ALAN ROBINSON Associated Press PITTSBURGH -
When the Pittsburgh Steelers began identifying possible successors to former coach Bill Cowher, Mike Tomlin's name wasn't high on the list.
"He probably was a long shot," team president Art Rooney II said.
Tomlin wasn't very old - 34, the same age as some of their players. He had been the Minnesota Vikings' defensive coordinator for only one season, so he didn't have a track record of assembling good units year after year.
Once it came time for interviews, though, all that didn't matter. According to Rooney, "We knew we had somebody special."
Now, Tomlin is only the third Steelers head coach in 38 years - a successor to one Super Bowl-winning coach, Cowher, who followed another in Chuck Noll. Tomlin will be reminded of that each day as he walks by the five Super Bowl trophies that are displayed at the team's practice complex.
"It is purely motivation," said Tomlin, the first black coach in the franchise's 74-year history. "All you want as a coach is to be part of something special. It's obvious that what's been done here is special."
It's not coincidental the Steelers and Tomlin each think they've hit onto something unique. The Steelers rarely change head coaches, so Tomlin knows one bad loss or one bad season won't cost him his job. Not that he wants to find out.
The Steelers also think they've hired an on-the-rise coach at the right time, as they did with Noll in 1969 and Cowher in 1992. Everywhere Tomlin has coached, be it at tiny VMI or with the Tampa Bay Buccaneers, coaches and players have raved about his personality, motivation and preparation.
"He's a good coach, a great communicator and now he'll have a chance to show what he can do," said Colts coach Tony Dungy, who first brought Tomlin into the NFL in 2001. "I'm really excited for him."
Tomlin already knows what he has to do in Pittsburgh: win, and right now. As Rooney said, "We think we have a team here that can win immediately."
Tomlin's situation is much different from when Noll and Cowher each took over following a number of losing seasons. These Steelers are 34-14 over the last three seasons, are only a year removed from winning the Super Bowl and will retain most of their core players.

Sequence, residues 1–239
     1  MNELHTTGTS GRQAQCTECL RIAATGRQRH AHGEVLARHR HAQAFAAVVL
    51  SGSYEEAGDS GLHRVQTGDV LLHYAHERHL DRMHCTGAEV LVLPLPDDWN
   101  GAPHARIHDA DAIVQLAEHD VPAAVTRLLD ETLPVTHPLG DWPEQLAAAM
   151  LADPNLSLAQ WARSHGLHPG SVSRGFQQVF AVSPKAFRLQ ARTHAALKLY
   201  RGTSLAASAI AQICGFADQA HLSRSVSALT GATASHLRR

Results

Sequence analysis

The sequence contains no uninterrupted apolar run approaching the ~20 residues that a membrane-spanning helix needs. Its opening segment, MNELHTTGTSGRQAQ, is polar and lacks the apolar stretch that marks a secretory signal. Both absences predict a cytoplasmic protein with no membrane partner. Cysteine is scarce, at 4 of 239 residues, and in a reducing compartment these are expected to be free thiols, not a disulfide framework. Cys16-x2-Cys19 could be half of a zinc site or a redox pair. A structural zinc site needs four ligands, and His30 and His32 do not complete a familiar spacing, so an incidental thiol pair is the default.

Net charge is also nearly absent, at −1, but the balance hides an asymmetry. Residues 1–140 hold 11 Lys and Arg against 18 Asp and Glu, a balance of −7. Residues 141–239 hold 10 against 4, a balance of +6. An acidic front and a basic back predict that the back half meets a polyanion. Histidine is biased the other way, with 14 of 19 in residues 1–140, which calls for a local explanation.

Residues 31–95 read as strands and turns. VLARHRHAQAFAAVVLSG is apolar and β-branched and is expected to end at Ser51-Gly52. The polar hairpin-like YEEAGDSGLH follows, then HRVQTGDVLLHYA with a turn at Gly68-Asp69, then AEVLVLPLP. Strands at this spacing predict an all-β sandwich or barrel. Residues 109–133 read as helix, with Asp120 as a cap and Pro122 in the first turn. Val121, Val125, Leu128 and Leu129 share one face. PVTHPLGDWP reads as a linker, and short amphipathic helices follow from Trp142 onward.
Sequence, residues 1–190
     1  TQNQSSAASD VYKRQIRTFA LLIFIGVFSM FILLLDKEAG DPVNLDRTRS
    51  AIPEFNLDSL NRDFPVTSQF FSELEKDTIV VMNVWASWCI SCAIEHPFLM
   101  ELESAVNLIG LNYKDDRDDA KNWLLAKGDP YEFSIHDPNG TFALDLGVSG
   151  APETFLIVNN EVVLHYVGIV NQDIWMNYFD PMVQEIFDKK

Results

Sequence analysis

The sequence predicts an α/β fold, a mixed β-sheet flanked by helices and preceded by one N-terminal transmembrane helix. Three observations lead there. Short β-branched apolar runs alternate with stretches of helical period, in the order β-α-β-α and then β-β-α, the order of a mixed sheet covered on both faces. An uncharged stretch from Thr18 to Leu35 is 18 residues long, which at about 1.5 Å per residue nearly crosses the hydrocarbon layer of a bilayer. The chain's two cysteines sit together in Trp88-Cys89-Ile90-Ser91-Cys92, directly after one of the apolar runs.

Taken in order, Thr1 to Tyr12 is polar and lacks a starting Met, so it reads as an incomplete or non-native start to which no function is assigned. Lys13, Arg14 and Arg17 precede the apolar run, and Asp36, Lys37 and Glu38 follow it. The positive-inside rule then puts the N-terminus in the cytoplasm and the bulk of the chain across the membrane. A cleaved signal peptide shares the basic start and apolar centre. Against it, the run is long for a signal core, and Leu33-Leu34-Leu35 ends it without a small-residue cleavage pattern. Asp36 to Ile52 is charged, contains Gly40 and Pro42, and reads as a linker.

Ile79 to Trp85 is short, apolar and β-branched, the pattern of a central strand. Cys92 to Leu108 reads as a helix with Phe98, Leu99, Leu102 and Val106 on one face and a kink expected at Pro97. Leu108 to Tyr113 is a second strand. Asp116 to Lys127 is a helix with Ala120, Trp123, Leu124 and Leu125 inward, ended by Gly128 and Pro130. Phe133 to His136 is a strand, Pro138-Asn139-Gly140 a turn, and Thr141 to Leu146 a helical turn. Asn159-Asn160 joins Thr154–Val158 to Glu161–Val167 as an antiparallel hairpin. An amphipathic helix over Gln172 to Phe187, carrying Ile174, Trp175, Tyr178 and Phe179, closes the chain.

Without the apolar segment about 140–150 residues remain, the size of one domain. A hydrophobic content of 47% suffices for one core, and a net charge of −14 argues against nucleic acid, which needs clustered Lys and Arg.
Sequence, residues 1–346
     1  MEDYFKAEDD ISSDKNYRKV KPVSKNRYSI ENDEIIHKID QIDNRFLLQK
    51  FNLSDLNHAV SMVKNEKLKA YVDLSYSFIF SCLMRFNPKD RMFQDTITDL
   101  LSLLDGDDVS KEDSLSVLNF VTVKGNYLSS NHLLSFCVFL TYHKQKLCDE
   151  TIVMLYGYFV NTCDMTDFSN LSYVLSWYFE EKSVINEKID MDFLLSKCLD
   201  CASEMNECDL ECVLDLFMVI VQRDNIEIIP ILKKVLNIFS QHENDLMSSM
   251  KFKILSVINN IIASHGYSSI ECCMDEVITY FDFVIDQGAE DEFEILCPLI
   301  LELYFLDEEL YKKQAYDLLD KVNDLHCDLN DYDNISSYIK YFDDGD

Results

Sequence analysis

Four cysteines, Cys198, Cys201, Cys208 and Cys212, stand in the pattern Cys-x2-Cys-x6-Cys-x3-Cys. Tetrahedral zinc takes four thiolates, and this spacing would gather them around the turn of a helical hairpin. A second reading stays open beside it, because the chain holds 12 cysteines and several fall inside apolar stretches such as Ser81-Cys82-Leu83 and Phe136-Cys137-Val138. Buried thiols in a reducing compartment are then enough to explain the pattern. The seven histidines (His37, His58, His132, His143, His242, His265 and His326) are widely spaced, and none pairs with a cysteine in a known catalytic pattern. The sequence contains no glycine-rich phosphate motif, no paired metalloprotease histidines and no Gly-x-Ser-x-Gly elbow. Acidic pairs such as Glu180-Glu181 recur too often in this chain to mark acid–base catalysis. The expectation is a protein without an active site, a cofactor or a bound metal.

"I've been hired to do a job here and I intend to do it at a high level," Tomlin said Monday.
Despite some similarities between the two in age and approach, the Steelers tried to avoid comparing Tomlin to Cowher - if only because Cowher chose to leave them and might be coaching another team a year from now. Cowher also was much brasher at his introductory news conference than the more humble Tomlin was.
Still, the Steelers are certain they've found a coach who, like Cowher was in 1992, isn't that much older than his players but will have no problem leading them.
"The more we talked with him, the more comfortable we got with him," Rooney said. "You just think this is a person that can get up in front of a team and get his message across."
One of Tomlin's initial tasks was to allay fears that he will arbitrarily scrap the Steelers' long-preferred 3-4 defense for his preferred 4-3, a scheme seemingly not well-suited for their personnel.
Defensive coordinator Dick LeBeau - at 69, more than twice Tomlin's age - will be retained, and Tomlin said the Steelers will use a variety of defensive fronts and alignments.
"Xs and Os can be overrated at times," he said. "We will be fundamentalists in our approach and we will put guys in position to execute and execute at a high level."
The Vikings' defense was eighth in yards allowed this season, just ahead of No. 9 Pittsburgh, and gave up the fewest yards rushing. However, that may have been the byproduct of them tying with Cincinnati for the most passing yards allowed.
Offensively, Tomlin intends to lean on a strong running game - even though, as a former wide receiver at William & Mary, he grew up loving the passing game.
"Personality as a coach and personality as a player are different things," he said.
Tomlin was hired following a weekend of conflicting reports in which he was identified by several Web sites as the next coach even before he was offered the job. A Pittsburgh newspaper also ran a Page 1 headline Sunday that assistant head coach Russ Grimm, not Tomlin, would be the next coach.
Steelers owner Dan Rooney was unhappy with suggestions the team led Grimm to believe he would be the coach, then changed its mind and went with Tomlin.
"They were ... saying we were dishonest," Rooney said in an impromptu interview following Tomlin's news conference. "Our integrity means more than anything to us. It means more than anything."